Picower Professor Mark Bear pioneered the study of molecular mechanisms by which the connections between neurons (or “synapses”) weaken in response to sensory experience or deprivation. They discovered that activation of a metabotropic glutamate receptor (mGluR5) triggers new protein synthesis in neurons that causes synaptic weakening called “long-term depression”, or simply LTD. In the course of that work his lab made a key observation: when a protein called FMRP is missing, a result is excessive protein synthesis and exaggerated LTD.
Fresh off that discovery, in 2002 Bear came to MIT where in a series of studies his lab went on to discover how this observation could be applied to developing a promising approach to treating autism spectrum disorders. One cause of autism and intellectual disability, fragile X syndrome, is a direct result of a mutation that causes loss of FMRP. In 2007 the Bear Lab showed that reducing mGluR5 expression by 50 percent significantly reduced a wide range of the autism-like and cognitive symptoms experienced by Fragile X model mice. Further studies elucidated the molecular mechanisms underlying the role of mGluR5 overactivity in fragile X symptoms and in 2012 the lab in collaboration with drug company collaborators discovered that pharmaceutical intervention with the mGluR5 inhibitor CTEP successfully treated mouse models. A 2013 study from the lab showed that the anti-cholesterol drug lovastatin also acts in the mGluR5 pathway and helped correct deficits in fragile X mice.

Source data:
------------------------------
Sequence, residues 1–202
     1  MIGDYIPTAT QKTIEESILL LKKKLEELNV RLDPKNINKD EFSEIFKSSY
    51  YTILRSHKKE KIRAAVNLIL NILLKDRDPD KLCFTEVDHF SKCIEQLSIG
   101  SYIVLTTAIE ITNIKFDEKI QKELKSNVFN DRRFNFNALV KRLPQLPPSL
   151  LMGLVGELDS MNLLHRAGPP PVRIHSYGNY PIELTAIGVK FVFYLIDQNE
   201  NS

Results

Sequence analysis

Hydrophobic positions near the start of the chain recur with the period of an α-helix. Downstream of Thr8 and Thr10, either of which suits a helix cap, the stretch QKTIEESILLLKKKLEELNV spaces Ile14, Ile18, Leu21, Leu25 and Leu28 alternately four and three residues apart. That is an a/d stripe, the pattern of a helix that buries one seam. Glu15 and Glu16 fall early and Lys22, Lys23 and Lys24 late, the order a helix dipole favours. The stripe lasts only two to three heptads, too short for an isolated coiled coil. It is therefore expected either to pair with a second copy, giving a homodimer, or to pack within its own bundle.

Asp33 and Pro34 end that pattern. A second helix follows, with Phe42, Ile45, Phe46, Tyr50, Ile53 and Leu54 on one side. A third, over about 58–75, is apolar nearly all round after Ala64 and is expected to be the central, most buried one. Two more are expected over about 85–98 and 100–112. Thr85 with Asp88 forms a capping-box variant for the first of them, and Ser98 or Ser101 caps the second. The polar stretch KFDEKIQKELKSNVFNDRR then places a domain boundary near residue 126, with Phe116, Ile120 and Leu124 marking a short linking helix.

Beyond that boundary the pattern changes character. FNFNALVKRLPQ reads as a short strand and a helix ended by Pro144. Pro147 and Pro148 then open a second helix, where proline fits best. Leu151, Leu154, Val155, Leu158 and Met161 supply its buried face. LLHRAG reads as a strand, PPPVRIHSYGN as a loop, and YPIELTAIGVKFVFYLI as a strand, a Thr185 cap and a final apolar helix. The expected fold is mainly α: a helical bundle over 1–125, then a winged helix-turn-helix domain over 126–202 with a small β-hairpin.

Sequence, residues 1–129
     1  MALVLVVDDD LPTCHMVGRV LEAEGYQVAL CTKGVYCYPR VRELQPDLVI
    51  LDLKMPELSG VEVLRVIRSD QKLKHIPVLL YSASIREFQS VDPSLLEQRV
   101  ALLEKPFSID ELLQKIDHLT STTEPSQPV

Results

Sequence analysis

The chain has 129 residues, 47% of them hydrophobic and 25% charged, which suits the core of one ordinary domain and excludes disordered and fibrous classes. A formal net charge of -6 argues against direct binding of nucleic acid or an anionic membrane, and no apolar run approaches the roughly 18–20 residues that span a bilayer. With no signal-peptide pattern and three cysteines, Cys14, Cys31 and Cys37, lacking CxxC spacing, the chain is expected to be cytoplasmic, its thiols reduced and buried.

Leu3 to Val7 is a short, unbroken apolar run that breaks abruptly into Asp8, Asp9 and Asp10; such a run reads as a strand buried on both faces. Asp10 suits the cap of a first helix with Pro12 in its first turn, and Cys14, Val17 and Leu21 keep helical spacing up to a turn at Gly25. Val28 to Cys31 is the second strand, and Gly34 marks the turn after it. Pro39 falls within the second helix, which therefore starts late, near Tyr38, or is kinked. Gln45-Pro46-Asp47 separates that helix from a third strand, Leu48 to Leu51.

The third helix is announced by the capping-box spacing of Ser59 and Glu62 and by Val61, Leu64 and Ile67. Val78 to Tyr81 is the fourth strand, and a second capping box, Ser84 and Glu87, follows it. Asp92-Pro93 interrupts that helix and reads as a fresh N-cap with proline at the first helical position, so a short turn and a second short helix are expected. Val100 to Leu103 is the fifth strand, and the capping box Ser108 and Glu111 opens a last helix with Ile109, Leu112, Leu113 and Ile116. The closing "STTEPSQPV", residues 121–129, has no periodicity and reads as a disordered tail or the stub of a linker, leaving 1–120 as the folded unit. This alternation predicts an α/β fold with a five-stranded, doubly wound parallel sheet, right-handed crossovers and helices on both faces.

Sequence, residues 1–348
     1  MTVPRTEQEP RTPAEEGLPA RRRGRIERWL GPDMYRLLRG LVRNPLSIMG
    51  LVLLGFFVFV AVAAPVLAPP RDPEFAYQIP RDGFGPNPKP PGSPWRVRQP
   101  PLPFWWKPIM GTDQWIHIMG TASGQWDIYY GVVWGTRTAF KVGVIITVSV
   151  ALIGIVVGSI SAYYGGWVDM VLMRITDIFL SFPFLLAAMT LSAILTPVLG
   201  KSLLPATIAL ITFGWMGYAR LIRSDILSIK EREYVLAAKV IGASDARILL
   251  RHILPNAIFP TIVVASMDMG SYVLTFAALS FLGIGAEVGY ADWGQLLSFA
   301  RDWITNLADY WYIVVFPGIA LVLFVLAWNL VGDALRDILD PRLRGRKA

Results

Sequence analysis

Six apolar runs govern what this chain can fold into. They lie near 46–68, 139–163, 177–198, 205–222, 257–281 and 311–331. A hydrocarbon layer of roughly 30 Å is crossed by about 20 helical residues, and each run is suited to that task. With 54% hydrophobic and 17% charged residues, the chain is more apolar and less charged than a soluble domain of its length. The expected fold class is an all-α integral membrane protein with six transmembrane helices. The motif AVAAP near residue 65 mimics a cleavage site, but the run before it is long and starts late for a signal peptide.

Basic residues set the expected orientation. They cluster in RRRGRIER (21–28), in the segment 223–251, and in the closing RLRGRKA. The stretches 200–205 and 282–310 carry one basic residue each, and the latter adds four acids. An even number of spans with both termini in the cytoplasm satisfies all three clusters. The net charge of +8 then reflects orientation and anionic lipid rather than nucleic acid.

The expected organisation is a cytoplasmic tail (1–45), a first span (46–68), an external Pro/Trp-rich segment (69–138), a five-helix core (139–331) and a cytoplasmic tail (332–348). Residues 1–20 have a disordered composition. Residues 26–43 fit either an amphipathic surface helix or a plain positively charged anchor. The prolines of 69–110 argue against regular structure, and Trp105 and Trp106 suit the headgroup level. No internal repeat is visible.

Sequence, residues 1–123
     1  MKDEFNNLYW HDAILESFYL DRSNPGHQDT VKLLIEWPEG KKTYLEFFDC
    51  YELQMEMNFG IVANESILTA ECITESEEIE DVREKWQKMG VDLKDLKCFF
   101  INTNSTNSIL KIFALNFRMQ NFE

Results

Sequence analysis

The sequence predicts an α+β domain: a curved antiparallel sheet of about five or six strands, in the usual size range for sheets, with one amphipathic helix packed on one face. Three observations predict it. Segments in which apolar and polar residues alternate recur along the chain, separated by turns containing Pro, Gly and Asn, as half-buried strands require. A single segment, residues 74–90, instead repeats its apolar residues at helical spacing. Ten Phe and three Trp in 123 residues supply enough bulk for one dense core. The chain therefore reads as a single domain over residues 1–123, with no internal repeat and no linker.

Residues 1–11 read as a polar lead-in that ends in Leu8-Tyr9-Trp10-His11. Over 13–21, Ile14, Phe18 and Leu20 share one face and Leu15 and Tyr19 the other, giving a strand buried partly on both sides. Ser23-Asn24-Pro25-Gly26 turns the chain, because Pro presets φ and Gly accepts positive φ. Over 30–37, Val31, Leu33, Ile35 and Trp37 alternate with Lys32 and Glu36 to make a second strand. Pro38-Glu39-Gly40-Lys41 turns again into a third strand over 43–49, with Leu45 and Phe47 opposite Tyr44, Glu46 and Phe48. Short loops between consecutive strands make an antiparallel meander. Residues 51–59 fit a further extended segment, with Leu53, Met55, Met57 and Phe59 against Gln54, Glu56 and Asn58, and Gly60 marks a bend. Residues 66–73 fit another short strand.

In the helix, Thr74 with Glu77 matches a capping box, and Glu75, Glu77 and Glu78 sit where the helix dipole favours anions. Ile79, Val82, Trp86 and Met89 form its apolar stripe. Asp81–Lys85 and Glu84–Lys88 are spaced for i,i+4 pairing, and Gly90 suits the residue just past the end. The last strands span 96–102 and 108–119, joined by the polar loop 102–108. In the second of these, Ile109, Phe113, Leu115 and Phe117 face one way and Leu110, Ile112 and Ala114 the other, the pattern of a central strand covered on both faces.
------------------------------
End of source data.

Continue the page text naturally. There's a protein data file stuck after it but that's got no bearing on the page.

Above: A boy with fragile X syndrome. Picture by Peter Saxon/Wikimedia Commons CC BY-SA 4.0
The lab has also discovered that the mGluR5 pathway may be relevant to other forms of autism and related conditions. In 2016 they reported that mice modeling Rett syndrome benefitted from mGluR5 inhibitors and the following year showed that a drug that mimics some of the actions of GABA, thereby suppressing glutamate in the mGluR5 pathway, aided mice modeling autism caused by the 16p11.2 mutation.
Meanwhile that same GABA-boosting drug, arbaclofen, was undergoing testing in clinical trials with fragile X patients. Phase 2 trials showed promise, but in 2017 a stage 3 trial narrowly missed its endpoints. Bear’s lab has since found that the effects of some drugs acting in the mGluR5 pathway might be attenuating because of the buildup of tolerance, which can be avoided. And working with colleagues at The Broad Institute of MIT and Harvard, Bear’s lab in 2020 studied a new compound that acts elsewhere in the pathway, alleviates many fragile X symptoms in model mice, and does not induce a tolerance response.